The brothers started with kites and gliders, and in 1900, relocated their testing grounds to a lonely, windy spot at Kitty Hawk, North Carolina.  There they experimented with different kinds of aircraft design, eventually creating large gliders that could support one pilot. They crashed a lot into the sand dunes and learned from every mishap. Other inventors were busy as well, and many had access to lots of expertise and resources, including wealthy sponsors footing the bill. The Wright Brothers had only the money they earned from their bicycle shop, their testing location at Kitty Hawk, and each other. 

For the most part, the work of the brothers was ignored by the aviation “experts” within and outside of the United States. But over time, it became obvious even to their competitors that the Wright Brothers were for real, despite their humble beginnings. At scientific conferences discussing aeronautical advances, attendees were in awe of the knowledge Wilbur Wright possessed, even as they tried to beat him into the sky.

You all know the story: on December 17, 1903, the Wright Flyer, piloted by Orville, became the first motorized airplane to fly. It wasn’t a long flight (120 feet and 12 seconds), but it proved the concept. The rest, as they say, really is history. 

Years ago, on a trip to Washington D.C., I visited the National Air and Space Museum and saw the 1903 Wright Flyer — the world’s first airplane. It made me smile, because I knew the story. I thought about their humble beginnings, their lack of professional credentials, and their independent, stubborn, studious research. They used their own version of the scientific method to create the first motorized airplane in history. 

Not bad for two bicycle repairmen.

Albert Einstein

Albert Einstein Through the Years

One of the most famous and impactful scientists in the world didn’t enjoy an easy transition from obscurity to international fame. Albert Einstein struggled at times academically, primarily because he didn’t bother to show up for class, and one of his instructors called him “a lazy dog.” But the time spent away from class was not wasted; instead, he spent hours working through physics problems on his own – an activity he continued throughout his life.

After graduation from university, he was not immediately offered an academic position as he had hoped. Instead, he took a job as a junior patent clerk in Bern, Switzerland, reading the ideas of others. The work was easy for him, enabling him to spend hours on his own theories, ideas, and daydreams, culminating in his “miracle year” in 1905 when he published four scientific papers that revolutionized science. A few months later, he produced a fifth paper that stated energy and matter were interchangeable at the atomic level, and E=MC2 was born. Many of his predictions about time and space could not be verified until decades after his death, when our technology finally caught up to his ideas. He made a few mistakes, too, and ended up on the wrong side of the quantum physics revolution, because he could not accept “God playing dice with the universe.”

Einstein’s approach to physics epitomizes how a human can think and create in innovative ways to confront cosmological questions even when hampered with technology and equipment that is primitive or nonexistent. There was no sophisticated laboratory equipment or supercomputers in 1905 that Einstein could use to test his ideas. What Einstein did have was an abundance of curiosity and imagination, and he used both to work through complicated questions and challenges in physics. He is known for creating “thought experiments” to help him visualize an idea and work through the potential solutions. For example, at the age of 16, he wondered what it would be like to chase a beam of light and the implications if he caught it. This led to his theory of special relativity, a concept that showed the connection between space and time.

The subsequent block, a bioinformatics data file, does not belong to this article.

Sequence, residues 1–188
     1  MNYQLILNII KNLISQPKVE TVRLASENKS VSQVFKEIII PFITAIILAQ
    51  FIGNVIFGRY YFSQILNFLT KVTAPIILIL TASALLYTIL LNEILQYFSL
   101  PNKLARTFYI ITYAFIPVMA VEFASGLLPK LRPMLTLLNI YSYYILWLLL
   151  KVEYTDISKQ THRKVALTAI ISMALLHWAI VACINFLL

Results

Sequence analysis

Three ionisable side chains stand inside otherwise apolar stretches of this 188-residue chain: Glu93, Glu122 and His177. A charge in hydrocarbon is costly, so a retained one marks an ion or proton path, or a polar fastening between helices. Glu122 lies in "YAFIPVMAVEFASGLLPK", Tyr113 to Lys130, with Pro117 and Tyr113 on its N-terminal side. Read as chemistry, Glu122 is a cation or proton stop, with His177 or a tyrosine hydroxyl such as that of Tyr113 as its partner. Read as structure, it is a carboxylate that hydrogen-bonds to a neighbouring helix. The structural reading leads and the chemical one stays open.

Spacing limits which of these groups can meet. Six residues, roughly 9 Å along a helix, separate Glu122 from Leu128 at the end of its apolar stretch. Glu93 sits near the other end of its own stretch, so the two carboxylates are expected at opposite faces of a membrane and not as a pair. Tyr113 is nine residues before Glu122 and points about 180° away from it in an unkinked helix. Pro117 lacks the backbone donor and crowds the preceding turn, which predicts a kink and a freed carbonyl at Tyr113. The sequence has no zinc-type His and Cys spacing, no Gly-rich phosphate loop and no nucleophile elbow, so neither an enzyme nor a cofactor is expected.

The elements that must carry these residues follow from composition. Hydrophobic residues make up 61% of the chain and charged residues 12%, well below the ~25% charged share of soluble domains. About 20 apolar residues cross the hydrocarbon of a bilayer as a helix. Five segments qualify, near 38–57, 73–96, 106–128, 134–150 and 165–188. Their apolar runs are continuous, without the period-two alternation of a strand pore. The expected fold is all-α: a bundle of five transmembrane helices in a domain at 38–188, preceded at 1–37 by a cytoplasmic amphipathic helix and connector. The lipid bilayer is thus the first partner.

Einstein worked through physics problems in his office, as he played his violin, or while sailing his small boat. He was a genius, but frequently got lost on his way home from work. His way of thinking and his creative process was best summarized during an interview with the Saturday Evening Post in 1929 when he said:

“I believe in intuitions and inspirations. I sometimes feel that I am right. I do not know that I am… [but] I would have been surprised if I had been wrong. I am enough of the artist to draw freely upon my imagination. Imagination is more important than knowledge. Knowledge is limited. Imagination encircles the world.”

Jane Goodall

Left: Hugo Van Lawick/National Geographic Creations Right: Sustainability Interview with Jane Goodall

Jane Goodall is arguably one of the most famous and recognizable of our living scientists. Born in 1934, she is 88 old years as I write this and still going strong. Her journey resonates with many young women born in her era, and she serves as an example for those considering a career in science today. She was inspired to go to Africa at a young age after reading The Story of Doctor Doolittle by Hugh Lofting. She couldn’t afford to go to college, and instead went to secretarial school and worked at Oxford University typing and filing papers.

A trip to Kenya in 1952 to visit a school friend changed the trajectory of her life and, subsequently, our view of primates and the ancient world. Returning to Africa in 1956, she met Dr. Louis Leakey, a famed anthropologist studying early human origins. He hired her first as a secretary, then supported her involvement in his research and later her formal education. Leakey believed studying primate behavior would shed light on early human societies, and he saw Jane’s lack of scientific training as an advantage as she would not be biased by traditional thought and orthodoxy and could conduct the research with an open mind.